Certain features of the present invention will hereinafter be described in detail.

Rubbery butadiene-based polymer

The rubbery butadiene-based polymer useful in the practice of this invention can be obtained by emulsion-polymerizing a monomer mixture composed of 65-85 wt. % of butadiene, 15-35 wt. % of styrene and 0-3 wt. % of a crosslinkable monomer.

Any butadiene proportions smaller than 65 wt. % will result in a reduction to the impact resistance imparting ability, whereas any butadiene proportions greater than 85 wt. % will lead to lowered transparency. It is hence not preferable to use butadiene in any proportion outside the above range. On the other hand, the crosslinkable monomer is effective in enhancing the transparency and stress-whitening resistance and is used in a proportion not greater than 3 wt. %, preferably, in a suitable proportion within a range of 0.1-2.5 wt. %. It is however not preferable to add the crosslinkable monomer in any proportion greater than 3 wt. %, because such an excess proportion will result in a reduction to the impact resistance imparting ability.

As a crosslinkable monomer which is usable, is selected that copolymerizable with butadiene and styrene, for example, divinylbenzene, ethylene glycol dimethacrylate, diethylene glycol dimethacrylate, triethylene glycol dimethacrylate, tetraethylene glycol dimethacrylate, 1,3-butylene glycol dimethacrylate, ethylene glycol diacrylate, diethylene glycol diacrylate, triethylene glycol diacrylate, tetraethylene glycol diacrylate, 1,3-butylene glycol diacrylate, trimethylolpropane trimethacrylate, trimethylolpropane triacrylate, or the like.

The rubbery butadiene-based polymer is used in a range of 70-85 wt. %, preferably, in a range in excess of 75 wt. % but not greater than 85 wt. %, both, based on the graft copolymer. It is an essential requirement for allowing a PVC-based resin composition to have highly-balanced properties between impact resistance, transparency and stress-whitening resistance that the proportion of the rubbery polymer component is increased to such a high level in the present invention.

Most of graft copolymers as impact resistance modifiers had a rubbery polymer content not higher than 70 wt. % in the past. As one of reasons for this tendency, may be mentioned that when the proportion of the rubbery polymer component is increased simply, the impact resistance of the resulting resin composition tends to increase but its transparency tends to decrease. It has been found in the present invention that even if the proportion of the rubbery polymer component is increased to improve the impact resistance, the transparency will not be deteriorated by choosing the kinds and proportions of components to be grafted and the order of their graft polymerization, in other words, by fulfilling the second and third requirements.

The present invention can therefore allow to increase the proportion of the rubbery polymer component, thereby bringing about an advantage that the impact resistance can be increased without need for enlargement of the rubber particle size which would lower the transparency and stress-whitening resistance.

If the proportion of the rubbery butadiene-based polymer should be smaller than 70 wt. %, the impact resistance imparting ability will be reduced. On the other hand, any proportions greater than 85 wt. % will lead to greater impact resistance imparting ability but will lower the ability to impart stress-whitening resistance and moreover will render the resulting graft copolymer susceptible to agglomeration upon acid-coagulation (salting-out) of the latex and drying of the resultant wet cake. It is hence not preferable to use the rubbery butadiene-based polymer in any proportion outside the above range.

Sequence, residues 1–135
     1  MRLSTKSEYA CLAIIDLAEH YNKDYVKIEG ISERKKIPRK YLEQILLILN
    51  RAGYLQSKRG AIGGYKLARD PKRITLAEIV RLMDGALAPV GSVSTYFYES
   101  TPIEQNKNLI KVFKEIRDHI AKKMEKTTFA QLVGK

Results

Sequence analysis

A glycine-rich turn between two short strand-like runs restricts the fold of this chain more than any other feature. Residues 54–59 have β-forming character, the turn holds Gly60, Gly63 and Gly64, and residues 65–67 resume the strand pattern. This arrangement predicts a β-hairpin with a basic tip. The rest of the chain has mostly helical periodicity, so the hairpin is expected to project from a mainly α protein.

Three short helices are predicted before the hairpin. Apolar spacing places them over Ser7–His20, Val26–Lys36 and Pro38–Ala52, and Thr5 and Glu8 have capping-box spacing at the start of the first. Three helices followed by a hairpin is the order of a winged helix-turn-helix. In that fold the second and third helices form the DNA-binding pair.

The rubbery butadiene-based polymer latex useful in the practice of this invention can be obtained by emulsion-polymerization in a manner known per se in the art. Although no particular limitation is necessarily imposed on the particle size of the rubbery polymer, 600-3,000 Å is useful. A rubber polymer latex having such a particle size may be prepared by seed polymerization or an addition of a known coagulant such as acid or salt and hence coagulating and coarsening the rubber particles.

[Graft-polymerized components]

In the presence of a latex containing the above-described rubbery butadiene-based polymer in a proportion of 70-85 parts by weight, graft components are graft-copolymerized in two stages so as to bring the sum of the graft components and the rubbery butadiene-based polymer into 100 parts by weight.

As a first stage, 5-24 parts by weight, preferably, 7-20 parts by weight of a monomer mixture composed of 70-97 wt. %, preferably, 80-90 wt. % of methyl methacrylate and 30-3 wt. %, preferably, 20-10 wt. % of an alkyl acrylate are graft-polymerized first of all.

The alkyl acrylate employed as a co-monomer along with methyl methacrylate serves to accelerate the gelation of the PVC-based resin composition and hence provides a homogeneous melt promptly and easily even when the resin composition is formed or molded under low kneading-degree conditions. The alkyl acrylate also exhibits such effects that the occurrence of fish eyes of an ungelled matter can be prevented and moreover, the reduction of the impact resistance is minimized and the exhibition of high impact strength is ensured even when the resin composition is formed or molded at a high temperature.

If the proportion of the alkyl acrylate should be smaller than 3 wt. % of the components graft-polymerized in the first stage, the above-mentioned effects will not be exhibited fully. On the other hand, any proportions greater than 30 wt. % will render the resultant graft copolymer susceptible to agglomeration. Any alkyl acrylate proportions outside the above range are hence not preferred.